There is a spider in the corner of the bathroom ceiling above the toilet. The roof slopes down there so that corner of the ceiling is just above head height and is easily within arm’s reach as you stand peeing into the bowl. The spider has been there a week at least. I have been peeing a lot lately so I see it quite a few times every day. I always forget about it until I’m standing there – in the act – and look up casually. When I see it I always think ‘God, it’s still there’. I’ve often thought of cupping it and putting it outside but then think ‘Don’t interfere boy’ – leave the creature alone – besides, spiders eat flies and they are a pain.

The spider is a long-legged-tiny-body variety and it sits upside down on the ceiling – immobile. I’ve blown on it a few times to see if it reacts – and it does – but only by a slight adjustment of its legs. There is some sort of haphazard web around it and I saw it fussing with a small package once – like a little fly cocooned.

I’ve taken to thinking about the way it perceives me – every couple of hours I appear before it – a huge shape emanating whatever kind of energy it receives – shimmering perhaps – or vibrating in some way. I wonder if it’s scared – probably not, since it doesn’t even budge – even though a simple swat with a newspaper would end its conscious existence – but then maybe it will reincarnate in a more interesting life, but then who am I to say whether my life or anybody or anything else’s life is more interesting than the life of a long-legged spider who lives in a corner of the bathroom above the toilet.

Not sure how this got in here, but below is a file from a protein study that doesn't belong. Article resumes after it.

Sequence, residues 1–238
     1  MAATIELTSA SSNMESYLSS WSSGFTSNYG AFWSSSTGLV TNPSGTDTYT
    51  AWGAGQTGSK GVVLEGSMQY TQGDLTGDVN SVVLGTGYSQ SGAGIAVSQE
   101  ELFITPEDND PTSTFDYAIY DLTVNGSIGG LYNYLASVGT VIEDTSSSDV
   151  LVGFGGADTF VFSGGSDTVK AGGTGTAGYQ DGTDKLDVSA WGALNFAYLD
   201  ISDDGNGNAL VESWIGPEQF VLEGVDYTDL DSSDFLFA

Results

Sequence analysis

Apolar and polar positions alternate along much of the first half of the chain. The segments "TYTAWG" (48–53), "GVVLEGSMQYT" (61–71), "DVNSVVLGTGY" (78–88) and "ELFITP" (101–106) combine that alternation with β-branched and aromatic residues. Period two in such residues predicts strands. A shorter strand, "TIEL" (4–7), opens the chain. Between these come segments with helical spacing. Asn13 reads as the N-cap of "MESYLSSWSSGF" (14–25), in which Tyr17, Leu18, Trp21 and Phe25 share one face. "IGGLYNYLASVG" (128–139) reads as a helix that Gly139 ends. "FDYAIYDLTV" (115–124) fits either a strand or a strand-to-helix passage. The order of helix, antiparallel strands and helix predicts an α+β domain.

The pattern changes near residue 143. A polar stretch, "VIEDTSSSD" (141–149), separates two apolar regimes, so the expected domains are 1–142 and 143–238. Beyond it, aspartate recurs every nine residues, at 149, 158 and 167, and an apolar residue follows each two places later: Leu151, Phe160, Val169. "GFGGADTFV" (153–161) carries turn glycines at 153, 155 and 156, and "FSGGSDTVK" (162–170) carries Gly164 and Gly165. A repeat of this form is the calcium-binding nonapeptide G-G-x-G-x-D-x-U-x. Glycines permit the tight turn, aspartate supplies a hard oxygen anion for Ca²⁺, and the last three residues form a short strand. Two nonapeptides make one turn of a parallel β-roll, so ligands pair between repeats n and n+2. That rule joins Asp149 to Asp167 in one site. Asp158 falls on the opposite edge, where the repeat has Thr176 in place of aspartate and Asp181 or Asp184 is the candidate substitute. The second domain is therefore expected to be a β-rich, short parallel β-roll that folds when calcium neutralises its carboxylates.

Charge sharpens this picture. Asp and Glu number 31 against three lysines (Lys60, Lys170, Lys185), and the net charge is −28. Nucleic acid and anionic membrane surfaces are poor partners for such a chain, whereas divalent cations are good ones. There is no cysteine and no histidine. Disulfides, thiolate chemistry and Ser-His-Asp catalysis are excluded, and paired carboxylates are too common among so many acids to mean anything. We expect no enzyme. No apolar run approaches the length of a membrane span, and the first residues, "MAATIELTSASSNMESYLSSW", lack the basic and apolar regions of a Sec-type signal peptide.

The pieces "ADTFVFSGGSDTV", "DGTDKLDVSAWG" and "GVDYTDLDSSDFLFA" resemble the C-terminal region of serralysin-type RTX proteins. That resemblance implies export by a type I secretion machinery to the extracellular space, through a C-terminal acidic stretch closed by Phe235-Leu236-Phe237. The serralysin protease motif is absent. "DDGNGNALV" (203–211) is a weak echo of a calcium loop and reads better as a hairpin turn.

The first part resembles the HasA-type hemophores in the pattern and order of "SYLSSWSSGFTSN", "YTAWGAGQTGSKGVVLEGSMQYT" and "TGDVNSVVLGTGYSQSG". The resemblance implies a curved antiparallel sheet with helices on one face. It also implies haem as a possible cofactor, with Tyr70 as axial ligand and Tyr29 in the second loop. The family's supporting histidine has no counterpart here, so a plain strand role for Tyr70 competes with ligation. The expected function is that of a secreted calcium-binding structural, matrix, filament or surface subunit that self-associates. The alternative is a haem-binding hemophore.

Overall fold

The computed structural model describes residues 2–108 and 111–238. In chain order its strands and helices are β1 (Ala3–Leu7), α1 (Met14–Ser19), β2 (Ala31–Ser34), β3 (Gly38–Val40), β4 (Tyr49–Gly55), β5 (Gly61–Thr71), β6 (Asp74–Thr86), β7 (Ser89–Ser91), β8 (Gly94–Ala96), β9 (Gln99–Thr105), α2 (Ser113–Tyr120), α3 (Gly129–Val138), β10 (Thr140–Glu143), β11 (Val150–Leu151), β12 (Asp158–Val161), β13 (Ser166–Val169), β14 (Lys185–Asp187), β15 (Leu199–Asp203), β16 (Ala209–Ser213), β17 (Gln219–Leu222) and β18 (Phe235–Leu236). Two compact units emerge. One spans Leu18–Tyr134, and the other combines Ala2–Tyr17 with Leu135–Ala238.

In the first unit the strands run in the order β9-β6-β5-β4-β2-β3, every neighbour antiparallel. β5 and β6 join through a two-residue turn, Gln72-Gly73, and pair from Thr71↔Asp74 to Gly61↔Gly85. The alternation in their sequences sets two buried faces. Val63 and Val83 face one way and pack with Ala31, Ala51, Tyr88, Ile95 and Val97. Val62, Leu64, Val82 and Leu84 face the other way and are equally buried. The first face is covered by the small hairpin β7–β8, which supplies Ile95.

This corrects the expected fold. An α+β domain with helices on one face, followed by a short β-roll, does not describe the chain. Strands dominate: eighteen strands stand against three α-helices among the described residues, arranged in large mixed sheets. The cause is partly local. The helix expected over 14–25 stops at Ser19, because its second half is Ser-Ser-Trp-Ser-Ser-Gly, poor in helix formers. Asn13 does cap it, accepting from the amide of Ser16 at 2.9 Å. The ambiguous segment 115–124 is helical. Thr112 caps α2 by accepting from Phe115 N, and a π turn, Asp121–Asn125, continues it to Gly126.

***

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Extracts from: “The Diary of an Ordinary Man”

Saturday

Despite the sobs, I am not sad. I know what it’s like to feel the weight of the black dog, as Churchill called it, but that’s not what I feel right now. It’s more a sort of extreme frustration, like seeing the taillights of the last bus disappear on a cold, rainy night; the mobile phone’s battery is dead and there’s no money for a taxi anyway.

diaryIt all came to a head in the Asda car park after a silly argument about shower curtains. We’re poor you see. Buying a new shower curtain is a luxury I can’t contemplate, even if it was only ten quid, and would have brightened up our gloomy bathroom, adding a little light to this dark phase of our lives.

Fuck off, she said, just fuck off. So I did. I got out of the car and walked. I cried all the way home. Continue reading

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Tafftown – a new Cardiff based Soap Opera

tafftown-header-image02

So, it looks like Tafftown is becoming a reality – when I say reality, of course I mean it’s not real, but it’s a drama of the sort that’s commonly known as a soap-opera – a term originally coined to mean a programme that depended on advertising revenues from soap (or washing powder) companies, or as Wikipedia says (although I’ve never heard the term ‘soapie’, it sounds Australian?):

“A soap opera, soapie, or soap is a serial drama on television or radio which features related story lines about the lives of many characters. The stories usually focus on emotional relationships to the point of melodrama. The term soap opera originated from such dramas being typically sponsored by soap manufacturers in the past.”